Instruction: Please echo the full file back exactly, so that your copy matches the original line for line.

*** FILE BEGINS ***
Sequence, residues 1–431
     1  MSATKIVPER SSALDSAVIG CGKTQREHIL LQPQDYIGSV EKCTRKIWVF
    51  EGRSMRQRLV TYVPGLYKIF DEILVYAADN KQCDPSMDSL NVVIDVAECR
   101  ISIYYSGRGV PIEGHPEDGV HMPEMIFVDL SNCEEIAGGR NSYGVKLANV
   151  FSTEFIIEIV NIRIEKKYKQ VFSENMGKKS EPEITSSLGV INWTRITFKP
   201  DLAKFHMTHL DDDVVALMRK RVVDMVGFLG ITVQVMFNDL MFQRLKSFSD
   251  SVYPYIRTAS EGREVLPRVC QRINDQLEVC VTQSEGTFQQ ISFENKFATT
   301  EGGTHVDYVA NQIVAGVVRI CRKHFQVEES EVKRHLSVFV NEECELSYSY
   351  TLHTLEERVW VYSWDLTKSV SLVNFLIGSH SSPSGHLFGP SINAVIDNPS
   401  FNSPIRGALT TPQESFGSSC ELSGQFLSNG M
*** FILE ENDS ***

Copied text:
Sequence, residues 1–431
     1  MSATKIVPER SSALDSAVIG CGKTQREHIL LQPQDYIGSV EKCTRKIWVF
    51  EGRSMRQRLV TYVPGLYKIF DEILVYAADN KQCDPSMDSL NVVIDVAECR
   101  ISIYYSGRGV PIEGHPEDGV HMPEMIFVDL SNCEEIAGGR NSYGVKLANV
   151  FSTEFIIEIV NIRIEKKYKQ VFSENMGKKS EPEITSSLGV INWTRITFKP
   201  DLAKFHMTHL DDDVVALMRK RVVDMVGFLG ITVQVMFNDL MFQRLKSFSD
   251  SVYPYIRTAS EGREVLPRVC QRINDQLEVC VTQSEGTFQQ ISFENKFATT
   301  EGGTHVDYVA NQIVAGVVRI CRKHFQVEES EVKRHLSVFV NEECELSYSY
   351  TLHTLEERVW VYSWDLTKSV SLVNFLIGSH SSPSGHLFGP SINAVIDNPS
   401  FNSPIRGALT TPQESFGSSC ELSGQFLSNG M